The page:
Thank you for sending us “XXX”. We appreciate the chance to review your story, but don’t feel that it will work for us. Best of luck finding it a home elsewhere.

This is a very standard form rejection from a new market. Not much to see here.

Rejection 7: Submitted 2/25/16; Rejected 2/25/2017

Thanks for submitting “XXX,” but I’m going to pass on it. It’s nicely written and I enjoyed reading it, but overall it didn’t quite win me over, I’m afraid. Best of luck to you placing this one elsewhere, and thanks again for sending it my way. I look forward to seeing your next submission.

A bright spot for the month is this higher-tier form rejection from a pro horror market I’ve been trying to crack for years. This is the first time I’ve received the “next level” form rejection, so that’s a good sign. Coincidentally, this is the same story as the heart-breaker rejection from 2/19/2017 and the same publisher as the standard form rejection that arrived 2/18/2017. This particular story is currently under consideration at another pro horror market, so I’ll likely have an update for the March submission statement.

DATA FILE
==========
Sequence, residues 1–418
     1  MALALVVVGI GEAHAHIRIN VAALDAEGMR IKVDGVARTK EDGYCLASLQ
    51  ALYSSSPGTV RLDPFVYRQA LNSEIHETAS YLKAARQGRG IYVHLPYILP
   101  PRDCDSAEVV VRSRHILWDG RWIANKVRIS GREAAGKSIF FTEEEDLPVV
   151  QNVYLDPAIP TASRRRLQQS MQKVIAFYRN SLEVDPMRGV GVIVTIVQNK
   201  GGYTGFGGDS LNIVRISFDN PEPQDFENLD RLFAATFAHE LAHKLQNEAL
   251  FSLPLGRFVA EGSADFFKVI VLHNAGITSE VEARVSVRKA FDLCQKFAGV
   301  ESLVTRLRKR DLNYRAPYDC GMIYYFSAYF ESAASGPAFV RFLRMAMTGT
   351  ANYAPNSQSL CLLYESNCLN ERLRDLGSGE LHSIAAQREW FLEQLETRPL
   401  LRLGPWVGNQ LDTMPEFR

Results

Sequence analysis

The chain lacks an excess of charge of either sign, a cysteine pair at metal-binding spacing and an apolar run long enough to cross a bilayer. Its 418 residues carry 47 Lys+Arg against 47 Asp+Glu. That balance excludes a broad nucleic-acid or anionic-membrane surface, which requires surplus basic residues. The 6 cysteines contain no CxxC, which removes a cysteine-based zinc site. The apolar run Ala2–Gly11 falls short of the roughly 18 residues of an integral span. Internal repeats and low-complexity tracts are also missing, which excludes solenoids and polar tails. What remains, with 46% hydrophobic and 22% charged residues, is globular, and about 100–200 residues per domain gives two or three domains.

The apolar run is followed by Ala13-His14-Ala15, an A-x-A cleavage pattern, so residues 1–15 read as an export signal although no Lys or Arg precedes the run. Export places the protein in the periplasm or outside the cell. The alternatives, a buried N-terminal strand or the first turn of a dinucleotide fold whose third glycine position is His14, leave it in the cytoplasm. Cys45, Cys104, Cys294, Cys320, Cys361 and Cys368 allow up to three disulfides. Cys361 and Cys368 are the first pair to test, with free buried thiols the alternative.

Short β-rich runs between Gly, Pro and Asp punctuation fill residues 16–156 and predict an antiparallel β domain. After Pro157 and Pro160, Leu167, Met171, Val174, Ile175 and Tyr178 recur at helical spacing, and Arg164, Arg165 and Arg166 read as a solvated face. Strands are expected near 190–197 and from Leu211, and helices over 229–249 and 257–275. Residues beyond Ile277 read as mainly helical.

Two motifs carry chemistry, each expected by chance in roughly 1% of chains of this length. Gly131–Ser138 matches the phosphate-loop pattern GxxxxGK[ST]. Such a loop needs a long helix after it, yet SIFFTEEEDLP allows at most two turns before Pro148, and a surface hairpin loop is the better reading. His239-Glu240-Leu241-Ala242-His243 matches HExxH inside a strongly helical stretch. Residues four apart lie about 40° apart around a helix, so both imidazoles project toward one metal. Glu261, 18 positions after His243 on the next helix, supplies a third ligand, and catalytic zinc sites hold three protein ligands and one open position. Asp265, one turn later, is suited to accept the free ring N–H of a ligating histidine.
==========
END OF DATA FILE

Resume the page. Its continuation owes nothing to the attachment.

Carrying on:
And that was February. Tell me about your February adventures in submission land in the comments.